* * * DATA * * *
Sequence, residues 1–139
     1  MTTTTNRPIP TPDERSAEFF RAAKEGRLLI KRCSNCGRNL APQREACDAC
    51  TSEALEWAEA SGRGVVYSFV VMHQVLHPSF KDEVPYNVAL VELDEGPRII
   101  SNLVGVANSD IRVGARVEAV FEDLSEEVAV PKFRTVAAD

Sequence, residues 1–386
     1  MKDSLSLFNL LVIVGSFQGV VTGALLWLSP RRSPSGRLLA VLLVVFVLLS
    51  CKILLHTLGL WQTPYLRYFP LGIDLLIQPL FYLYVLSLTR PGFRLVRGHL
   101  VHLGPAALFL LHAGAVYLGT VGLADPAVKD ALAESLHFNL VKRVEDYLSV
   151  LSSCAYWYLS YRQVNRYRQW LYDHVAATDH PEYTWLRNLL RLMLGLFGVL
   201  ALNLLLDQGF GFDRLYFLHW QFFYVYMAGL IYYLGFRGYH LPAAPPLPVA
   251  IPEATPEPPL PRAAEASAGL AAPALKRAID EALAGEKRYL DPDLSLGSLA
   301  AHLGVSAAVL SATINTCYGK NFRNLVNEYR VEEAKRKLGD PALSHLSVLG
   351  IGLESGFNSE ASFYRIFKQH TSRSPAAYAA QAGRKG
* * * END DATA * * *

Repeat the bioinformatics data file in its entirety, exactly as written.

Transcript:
Sequence, residues 1–139
     1  MTTTTNRPIP TPDERSAEFF RAAKEGRLLI KRCSNCGRNL APQREACDAC
    51  TSEALEWAEA SGRGVVYSFV VMHQVLHPSF KDEVPYNVAL VELDEGPRII
   101  SNLVGVANSD IRVGARVEAV FEDLSEEVAV PKFRTVAAD

Sequence, residues 1–386
     1  MKDSLSLFNL LVIVGSFQGV VTGALLWLSP RRSPSGRLLA VLLVVFVLLS
    51  CKILLHTLGL WQTPYLRYFP LGIDLLIQPL FYLYVLSLTR PGFRLVRGHL
   101  VHLGPAALFL LHAGAVYLGT VGLADPAVKD ALAESLHFNL VKRVEDYLSV
   151  LSSCAYWYLS YRQVNRYRQW LYDHVAATDH PEYTWLRNLL RLMLGLFGVL
   201  ALNLLLDQGF GFDRLYFLHW QFFYVYMAGL IYYLGFRGYH LPAAPPLPVA
   251  IPEATPEPPL PRAAEASAGL AAPALKRAID EALAGEKRYL DPDLSLGSLA
   301  AHLGVSAAVL SATINTCYGK NFRNLVNEYR VEEAKRKLGD PALSHLSVLG
   351  IGLESGFNSE ASFYRIFKQH TSRSPAAYAA QAGRKG